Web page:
The NES Classic Edition and Famicom Mini hit store shelves in early November, following weeks of anticipation amidst the coming holiday season. Reviews have already come in praising the console’s abilities and slew of retro titles. In Japan, the Famicom Mini is selling quite well, too. Famitsu reports that the Famicom Mini clocked in with well over 260,000 units sold within its first four days, which places the Japanese offering in a comfortable range with the Nintendo Wii U’s own launch numbers.
The news, which was shared on NeoGAF along with additional information on Japanese console launches, reveals that the Famicom Mini came in with 262,961 Japanese sales over the course of four days. In comparison, The PlayStation 4 sold 322,083 units in two days and the Nintendo Wii U hit 308,570 sales in its first two days as well. While the Famicom Mini doesn’t necessarily outpace either, it still holds a strong showing on the gaming market.
For those unfamiliar, the Famicom, or the “Family Computer,” was the initial Japanese release of what would later be referred to as the NES in America. The Famicom’s physical design differs sharply from the NES, in that it features a white and red colour scheme over the NES’s darker, bland and grey look. Obviously, Japan received a miniature version of the Famicom, as opposed to the NES Classic.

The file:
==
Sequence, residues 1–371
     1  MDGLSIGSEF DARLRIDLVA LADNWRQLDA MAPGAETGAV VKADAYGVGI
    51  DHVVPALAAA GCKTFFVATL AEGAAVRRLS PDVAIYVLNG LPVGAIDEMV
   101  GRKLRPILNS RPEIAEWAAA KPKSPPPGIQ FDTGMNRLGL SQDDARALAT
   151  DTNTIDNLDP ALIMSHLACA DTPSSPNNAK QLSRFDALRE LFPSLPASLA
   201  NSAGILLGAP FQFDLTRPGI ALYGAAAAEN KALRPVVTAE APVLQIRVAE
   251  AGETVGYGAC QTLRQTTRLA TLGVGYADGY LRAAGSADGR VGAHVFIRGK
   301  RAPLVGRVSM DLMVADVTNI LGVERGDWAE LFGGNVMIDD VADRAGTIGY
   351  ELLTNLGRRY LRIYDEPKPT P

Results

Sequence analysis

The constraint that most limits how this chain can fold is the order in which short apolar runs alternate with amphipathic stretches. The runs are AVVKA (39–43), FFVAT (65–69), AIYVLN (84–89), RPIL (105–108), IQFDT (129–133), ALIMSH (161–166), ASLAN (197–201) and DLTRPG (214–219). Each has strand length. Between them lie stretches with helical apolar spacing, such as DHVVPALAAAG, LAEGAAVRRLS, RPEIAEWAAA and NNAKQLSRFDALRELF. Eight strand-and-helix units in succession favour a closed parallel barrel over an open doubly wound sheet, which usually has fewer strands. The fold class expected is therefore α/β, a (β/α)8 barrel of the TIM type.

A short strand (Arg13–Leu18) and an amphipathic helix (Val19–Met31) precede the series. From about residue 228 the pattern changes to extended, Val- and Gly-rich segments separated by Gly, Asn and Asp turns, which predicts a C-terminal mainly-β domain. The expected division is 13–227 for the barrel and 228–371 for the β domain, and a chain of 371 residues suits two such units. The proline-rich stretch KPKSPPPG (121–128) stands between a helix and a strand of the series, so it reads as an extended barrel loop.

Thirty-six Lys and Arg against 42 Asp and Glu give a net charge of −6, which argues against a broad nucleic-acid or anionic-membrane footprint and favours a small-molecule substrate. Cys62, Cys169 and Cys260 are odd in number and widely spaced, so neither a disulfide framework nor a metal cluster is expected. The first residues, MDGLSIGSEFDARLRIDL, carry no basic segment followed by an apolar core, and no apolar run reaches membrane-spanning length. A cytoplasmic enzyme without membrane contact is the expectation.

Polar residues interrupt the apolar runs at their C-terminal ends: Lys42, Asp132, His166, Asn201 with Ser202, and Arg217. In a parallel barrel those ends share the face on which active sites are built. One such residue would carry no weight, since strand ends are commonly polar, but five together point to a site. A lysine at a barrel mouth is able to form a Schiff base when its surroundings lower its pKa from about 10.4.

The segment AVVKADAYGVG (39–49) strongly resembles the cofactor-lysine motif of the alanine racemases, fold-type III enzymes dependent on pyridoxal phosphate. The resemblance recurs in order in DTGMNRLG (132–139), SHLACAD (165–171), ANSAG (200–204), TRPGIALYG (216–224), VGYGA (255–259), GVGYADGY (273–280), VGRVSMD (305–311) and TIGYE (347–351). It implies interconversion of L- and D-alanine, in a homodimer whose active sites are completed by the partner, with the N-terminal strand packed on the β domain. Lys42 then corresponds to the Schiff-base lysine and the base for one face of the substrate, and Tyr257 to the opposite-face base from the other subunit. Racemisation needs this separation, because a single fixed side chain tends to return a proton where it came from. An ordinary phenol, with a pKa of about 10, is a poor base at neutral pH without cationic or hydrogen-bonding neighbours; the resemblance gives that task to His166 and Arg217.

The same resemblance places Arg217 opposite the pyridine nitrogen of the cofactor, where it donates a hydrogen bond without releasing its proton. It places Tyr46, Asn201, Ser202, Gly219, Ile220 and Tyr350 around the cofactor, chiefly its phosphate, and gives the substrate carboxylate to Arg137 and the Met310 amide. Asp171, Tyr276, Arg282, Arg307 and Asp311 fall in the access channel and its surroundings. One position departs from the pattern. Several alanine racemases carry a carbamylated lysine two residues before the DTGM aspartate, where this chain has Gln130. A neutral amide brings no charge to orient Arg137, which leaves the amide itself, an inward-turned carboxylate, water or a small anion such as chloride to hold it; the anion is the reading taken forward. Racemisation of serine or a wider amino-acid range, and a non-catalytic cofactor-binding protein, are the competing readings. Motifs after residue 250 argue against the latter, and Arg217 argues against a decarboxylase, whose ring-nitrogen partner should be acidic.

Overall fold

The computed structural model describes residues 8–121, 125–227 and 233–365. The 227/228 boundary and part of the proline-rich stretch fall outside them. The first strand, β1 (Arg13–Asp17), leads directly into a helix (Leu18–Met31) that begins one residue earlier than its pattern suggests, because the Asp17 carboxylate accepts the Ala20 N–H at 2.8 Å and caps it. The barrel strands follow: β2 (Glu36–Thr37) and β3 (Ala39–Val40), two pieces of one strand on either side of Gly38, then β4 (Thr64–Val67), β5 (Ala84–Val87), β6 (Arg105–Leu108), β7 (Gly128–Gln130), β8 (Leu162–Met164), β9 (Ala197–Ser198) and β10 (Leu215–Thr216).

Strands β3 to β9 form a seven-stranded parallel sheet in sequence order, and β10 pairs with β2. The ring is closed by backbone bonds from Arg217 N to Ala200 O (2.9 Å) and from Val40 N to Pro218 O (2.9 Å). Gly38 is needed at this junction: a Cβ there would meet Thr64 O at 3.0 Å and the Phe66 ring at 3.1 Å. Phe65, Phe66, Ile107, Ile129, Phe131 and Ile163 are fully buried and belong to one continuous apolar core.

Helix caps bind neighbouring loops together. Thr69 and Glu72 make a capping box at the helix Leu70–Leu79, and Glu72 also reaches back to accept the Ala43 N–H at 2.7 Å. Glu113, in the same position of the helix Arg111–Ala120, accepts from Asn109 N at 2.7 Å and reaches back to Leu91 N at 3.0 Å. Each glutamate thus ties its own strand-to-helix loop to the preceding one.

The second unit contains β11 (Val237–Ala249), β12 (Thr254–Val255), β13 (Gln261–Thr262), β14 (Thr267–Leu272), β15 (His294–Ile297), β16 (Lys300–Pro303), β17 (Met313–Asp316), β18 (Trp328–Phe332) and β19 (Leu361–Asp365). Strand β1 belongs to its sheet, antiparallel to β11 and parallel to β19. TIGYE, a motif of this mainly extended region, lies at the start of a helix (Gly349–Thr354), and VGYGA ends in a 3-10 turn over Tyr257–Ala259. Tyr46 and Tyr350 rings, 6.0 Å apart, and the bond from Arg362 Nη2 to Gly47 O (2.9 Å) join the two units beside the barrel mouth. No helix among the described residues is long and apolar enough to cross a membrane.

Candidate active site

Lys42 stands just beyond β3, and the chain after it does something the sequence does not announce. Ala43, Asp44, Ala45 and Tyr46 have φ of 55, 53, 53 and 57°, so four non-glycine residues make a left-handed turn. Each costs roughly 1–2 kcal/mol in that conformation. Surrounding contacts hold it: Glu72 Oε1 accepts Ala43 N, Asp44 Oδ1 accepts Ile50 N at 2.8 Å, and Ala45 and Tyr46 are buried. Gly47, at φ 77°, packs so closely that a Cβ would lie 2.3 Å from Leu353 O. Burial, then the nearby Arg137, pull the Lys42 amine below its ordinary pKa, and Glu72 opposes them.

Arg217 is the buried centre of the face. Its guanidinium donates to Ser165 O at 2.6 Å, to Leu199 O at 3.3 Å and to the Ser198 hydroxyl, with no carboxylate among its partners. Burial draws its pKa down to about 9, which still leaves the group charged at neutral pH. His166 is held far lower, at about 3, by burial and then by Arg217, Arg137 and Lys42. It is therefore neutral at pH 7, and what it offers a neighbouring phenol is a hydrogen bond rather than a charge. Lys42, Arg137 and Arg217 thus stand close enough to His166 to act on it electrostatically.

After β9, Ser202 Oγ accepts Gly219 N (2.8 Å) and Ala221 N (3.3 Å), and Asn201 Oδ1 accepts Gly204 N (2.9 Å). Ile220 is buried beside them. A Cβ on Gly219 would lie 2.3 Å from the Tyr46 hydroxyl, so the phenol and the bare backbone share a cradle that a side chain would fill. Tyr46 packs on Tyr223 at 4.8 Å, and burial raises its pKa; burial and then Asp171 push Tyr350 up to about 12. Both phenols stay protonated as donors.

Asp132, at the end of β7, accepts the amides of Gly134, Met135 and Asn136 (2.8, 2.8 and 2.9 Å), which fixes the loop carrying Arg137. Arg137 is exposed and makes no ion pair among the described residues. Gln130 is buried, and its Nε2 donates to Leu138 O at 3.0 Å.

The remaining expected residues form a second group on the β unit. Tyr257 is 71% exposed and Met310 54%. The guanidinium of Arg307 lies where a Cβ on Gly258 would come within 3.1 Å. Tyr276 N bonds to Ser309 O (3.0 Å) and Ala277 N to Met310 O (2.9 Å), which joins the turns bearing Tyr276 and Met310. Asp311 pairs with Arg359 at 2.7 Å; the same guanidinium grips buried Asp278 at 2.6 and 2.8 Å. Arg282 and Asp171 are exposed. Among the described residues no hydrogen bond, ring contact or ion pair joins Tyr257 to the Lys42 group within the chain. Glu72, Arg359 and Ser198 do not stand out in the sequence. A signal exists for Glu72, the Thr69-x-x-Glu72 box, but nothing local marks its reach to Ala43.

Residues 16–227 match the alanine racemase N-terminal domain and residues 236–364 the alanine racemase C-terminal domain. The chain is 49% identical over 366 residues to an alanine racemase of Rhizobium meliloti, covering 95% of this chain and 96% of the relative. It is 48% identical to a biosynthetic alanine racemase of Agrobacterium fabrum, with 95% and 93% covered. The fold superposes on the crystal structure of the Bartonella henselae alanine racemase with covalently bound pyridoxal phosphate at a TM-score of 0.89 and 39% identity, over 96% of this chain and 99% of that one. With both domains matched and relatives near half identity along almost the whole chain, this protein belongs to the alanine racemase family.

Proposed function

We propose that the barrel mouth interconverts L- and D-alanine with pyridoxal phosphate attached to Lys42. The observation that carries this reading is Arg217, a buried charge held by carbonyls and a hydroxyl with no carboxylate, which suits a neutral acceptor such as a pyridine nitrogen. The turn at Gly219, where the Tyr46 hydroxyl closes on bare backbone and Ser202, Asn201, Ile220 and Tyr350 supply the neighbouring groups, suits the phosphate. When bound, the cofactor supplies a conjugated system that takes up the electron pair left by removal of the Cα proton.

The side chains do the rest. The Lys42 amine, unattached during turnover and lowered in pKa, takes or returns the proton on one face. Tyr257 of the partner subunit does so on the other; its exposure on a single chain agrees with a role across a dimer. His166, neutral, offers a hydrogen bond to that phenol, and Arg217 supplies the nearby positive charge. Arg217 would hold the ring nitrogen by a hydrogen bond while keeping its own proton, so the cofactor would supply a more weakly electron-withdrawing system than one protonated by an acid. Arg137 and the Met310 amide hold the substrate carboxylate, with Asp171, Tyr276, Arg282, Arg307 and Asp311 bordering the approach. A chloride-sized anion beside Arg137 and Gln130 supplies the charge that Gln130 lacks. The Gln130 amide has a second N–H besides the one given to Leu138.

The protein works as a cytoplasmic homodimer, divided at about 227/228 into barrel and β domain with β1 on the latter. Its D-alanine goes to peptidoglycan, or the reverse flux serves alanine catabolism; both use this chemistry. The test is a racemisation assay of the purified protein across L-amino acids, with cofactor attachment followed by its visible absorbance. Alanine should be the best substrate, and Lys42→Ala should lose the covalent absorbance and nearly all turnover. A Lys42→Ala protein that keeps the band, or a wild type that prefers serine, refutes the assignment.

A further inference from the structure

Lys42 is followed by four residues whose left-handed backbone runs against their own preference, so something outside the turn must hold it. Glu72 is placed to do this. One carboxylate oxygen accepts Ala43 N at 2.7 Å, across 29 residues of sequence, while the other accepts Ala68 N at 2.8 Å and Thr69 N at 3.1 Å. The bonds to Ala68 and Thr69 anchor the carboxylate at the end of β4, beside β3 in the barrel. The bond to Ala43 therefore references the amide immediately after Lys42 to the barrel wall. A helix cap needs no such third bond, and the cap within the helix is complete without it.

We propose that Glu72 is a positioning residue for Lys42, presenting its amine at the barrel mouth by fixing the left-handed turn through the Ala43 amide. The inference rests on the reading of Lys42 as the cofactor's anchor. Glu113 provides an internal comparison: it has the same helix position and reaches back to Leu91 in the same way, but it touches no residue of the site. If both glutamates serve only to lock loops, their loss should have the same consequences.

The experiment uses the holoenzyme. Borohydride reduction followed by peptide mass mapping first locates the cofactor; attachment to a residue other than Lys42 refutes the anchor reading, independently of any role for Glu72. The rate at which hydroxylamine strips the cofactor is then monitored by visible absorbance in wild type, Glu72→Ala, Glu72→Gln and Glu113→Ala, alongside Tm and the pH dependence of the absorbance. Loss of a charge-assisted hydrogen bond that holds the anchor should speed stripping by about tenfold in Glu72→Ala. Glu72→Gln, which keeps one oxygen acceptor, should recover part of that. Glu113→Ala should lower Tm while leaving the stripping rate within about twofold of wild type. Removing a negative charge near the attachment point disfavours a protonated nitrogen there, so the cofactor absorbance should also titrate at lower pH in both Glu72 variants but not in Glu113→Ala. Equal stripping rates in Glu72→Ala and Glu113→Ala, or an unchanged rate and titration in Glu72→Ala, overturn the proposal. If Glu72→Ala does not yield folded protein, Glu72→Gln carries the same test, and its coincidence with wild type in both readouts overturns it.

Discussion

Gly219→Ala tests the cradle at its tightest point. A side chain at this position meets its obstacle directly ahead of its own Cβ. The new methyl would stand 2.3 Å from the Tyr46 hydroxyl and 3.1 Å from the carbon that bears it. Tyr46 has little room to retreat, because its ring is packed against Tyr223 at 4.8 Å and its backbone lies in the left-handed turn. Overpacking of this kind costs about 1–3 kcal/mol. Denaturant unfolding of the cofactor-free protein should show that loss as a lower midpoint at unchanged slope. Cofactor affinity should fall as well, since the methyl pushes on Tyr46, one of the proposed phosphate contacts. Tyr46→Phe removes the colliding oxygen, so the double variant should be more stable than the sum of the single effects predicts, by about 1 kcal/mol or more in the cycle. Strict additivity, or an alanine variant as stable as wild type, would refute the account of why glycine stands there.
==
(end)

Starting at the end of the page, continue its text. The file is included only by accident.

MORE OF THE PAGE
The Famicom Mini’s sales numbers aren’t a coincidence: Nintendo’s Virtual Console has also shown high sales numbers with the company’s classic re=-eleases. According to a financial results briefing from Nintendo of Japan for their 2015 fiscal year, Pokémon Virtual Console titles accounted for the top four sales in the entire Nintendo eShop. In particular, Pokémon Red, Green, Blue and Pikachu faced a total of 1.5 million downloads. Nintendo sees this success as an opportunity for more retro releases. “We believe that we have successfully created a chance to appeal to the nostalgia of consumers who played these titles when they first came out,” Nintendo President Tatsumi Kimishima confirmed.
The NES Classic’s chances look promising in the United States, too. In the report, Kimishima confirmed that “half of downloads came from the American market.” But it’s hard to say for certain until official stats are released in the West.